Casebook: Appeal cases - Transport Development - Village signs ruled threat to highway safety

The retention of two stone village name signs next to an A road in Flintshire has been rejected after an inspector ruled that they were harmful to highway safety.

The appellants claimed that the signs, approximately 2.2m wide and 70cm high, were sited on land outside the highway boundary. While the inspector accepted that the land did not form part of the carriageway, he considered that the adjoining verges could not be divorced from the highway because they were an essential element of it.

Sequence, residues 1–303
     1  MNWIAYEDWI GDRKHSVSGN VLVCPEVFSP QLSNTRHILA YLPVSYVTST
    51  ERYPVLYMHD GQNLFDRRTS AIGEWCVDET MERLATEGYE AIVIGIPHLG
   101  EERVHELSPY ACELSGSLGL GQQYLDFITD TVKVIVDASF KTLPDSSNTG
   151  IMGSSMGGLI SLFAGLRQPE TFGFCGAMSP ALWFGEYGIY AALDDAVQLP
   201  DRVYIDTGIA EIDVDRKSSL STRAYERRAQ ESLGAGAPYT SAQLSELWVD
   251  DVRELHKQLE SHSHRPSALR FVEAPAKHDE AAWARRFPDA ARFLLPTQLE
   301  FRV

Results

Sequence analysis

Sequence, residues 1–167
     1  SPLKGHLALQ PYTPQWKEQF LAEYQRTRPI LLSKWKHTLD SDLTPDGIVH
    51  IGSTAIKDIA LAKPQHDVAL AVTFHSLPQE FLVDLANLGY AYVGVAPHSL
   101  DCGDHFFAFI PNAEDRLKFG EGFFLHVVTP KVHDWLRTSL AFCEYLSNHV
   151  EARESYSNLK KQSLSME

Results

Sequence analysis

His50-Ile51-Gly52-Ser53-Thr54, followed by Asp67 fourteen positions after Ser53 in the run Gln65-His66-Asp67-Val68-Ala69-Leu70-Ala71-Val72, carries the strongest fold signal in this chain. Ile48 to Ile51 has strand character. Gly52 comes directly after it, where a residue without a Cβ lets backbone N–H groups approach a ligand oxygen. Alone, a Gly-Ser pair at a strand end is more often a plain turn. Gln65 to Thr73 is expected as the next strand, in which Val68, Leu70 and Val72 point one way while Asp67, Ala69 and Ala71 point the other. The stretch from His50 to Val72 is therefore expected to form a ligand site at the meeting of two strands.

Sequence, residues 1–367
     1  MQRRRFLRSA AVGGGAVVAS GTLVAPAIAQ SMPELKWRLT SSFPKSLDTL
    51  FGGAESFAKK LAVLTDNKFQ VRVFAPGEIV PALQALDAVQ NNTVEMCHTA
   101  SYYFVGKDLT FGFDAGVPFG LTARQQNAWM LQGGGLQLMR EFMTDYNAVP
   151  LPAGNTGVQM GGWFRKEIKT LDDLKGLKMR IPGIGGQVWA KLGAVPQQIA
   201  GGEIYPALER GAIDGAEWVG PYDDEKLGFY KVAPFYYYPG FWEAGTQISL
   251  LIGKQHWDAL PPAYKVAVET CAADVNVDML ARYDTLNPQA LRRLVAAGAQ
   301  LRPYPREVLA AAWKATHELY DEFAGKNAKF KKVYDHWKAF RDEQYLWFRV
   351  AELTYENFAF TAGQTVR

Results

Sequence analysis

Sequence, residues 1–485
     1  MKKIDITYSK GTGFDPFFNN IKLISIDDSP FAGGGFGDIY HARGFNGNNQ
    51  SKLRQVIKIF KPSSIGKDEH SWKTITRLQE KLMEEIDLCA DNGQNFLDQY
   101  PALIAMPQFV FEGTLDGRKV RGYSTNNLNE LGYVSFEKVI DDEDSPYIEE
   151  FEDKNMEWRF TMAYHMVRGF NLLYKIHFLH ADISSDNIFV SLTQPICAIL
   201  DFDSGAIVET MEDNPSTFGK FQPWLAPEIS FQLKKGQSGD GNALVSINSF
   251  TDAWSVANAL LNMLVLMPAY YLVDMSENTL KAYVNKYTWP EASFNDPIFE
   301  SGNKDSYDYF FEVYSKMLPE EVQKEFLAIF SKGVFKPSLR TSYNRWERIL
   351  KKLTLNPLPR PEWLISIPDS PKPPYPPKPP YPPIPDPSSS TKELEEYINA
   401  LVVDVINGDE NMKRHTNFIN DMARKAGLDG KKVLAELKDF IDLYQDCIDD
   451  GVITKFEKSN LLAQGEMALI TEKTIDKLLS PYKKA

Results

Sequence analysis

He observed that drivers travelled at fairly high speeds on the relatively straight road. Motorists veering off the carriageway would be at risk of damaging themselves or their vehicles by colliding with the signs or injuring other road users, he held. Since the structures were placed to the rear of existing highway signs at a lower level, he also judged that they could cause confusion to motorists.

DCS No: 37022464; Inspector: Geraint Rees; Written representations.

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